• If the manager is inquisitive about Agile, provide them some education on the Agile values and principles.  They should consider what they think each of the principles mean and if they believe in them.  A bolder move is having them share the Agile principles with their team and ask them what they think it means.  Also they can ask the team members how it can be exhibited on a team.  Ask the team members if they think we would be a good idea to exercise some of the principles. 
  • If they have directive tendency and their current role has them interacting with customers to understand customer needs, then they may consider becoming a Product Owner (PO) for the team.  While they should no longer be manager, a PO helps shape the product through the collection and grooming of the requirements.  The PO also shares the need with team members during the Agile-related planning events (e.g., Sprint Planning).   
  • Learn about the concept of bounded authority.  This is where the team can make their own decisions, organize, and commit to their own work.  It does not mean that teams can do whatever they want.  The balance is that the manager keeps limited responsibilities to provide vision and support for their staff while allowing the team the ownership to self-organize around the work.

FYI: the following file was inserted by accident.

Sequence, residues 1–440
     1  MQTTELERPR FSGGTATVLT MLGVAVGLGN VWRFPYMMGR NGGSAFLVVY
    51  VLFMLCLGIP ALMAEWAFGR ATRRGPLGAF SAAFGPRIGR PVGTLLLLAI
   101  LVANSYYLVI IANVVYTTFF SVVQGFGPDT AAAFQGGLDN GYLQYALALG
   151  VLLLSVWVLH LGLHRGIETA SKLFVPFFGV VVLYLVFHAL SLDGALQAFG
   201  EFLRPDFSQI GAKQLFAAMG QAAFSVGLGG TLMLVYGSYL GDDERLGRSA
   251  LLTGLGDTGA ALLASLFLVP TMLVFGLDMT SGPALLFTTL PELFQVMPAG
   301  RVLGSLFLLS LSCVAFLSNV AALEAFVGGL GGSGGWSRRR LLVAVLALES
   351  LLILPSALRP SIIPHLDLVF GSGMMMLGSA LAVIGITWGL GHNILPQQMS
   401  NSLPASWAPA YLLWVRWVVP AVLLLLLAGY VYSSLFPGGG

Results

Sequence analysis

So I will leave you with this question.  Which approach will lead to more productive and high-performing teams?   Is it a culture where managers tell employees what to do or is it a culture where employees are self-organizing, feel ownership of the work, and are able to use much more brain power?   If managers exhibit command-and-control tendencies, it is in their best interest in the long run to adapt toward and Agile mindset and allow for self-organizing teams.  Since Agile is pervasive in many companies, it is an opportunity to adapt and help the organization toward better business results.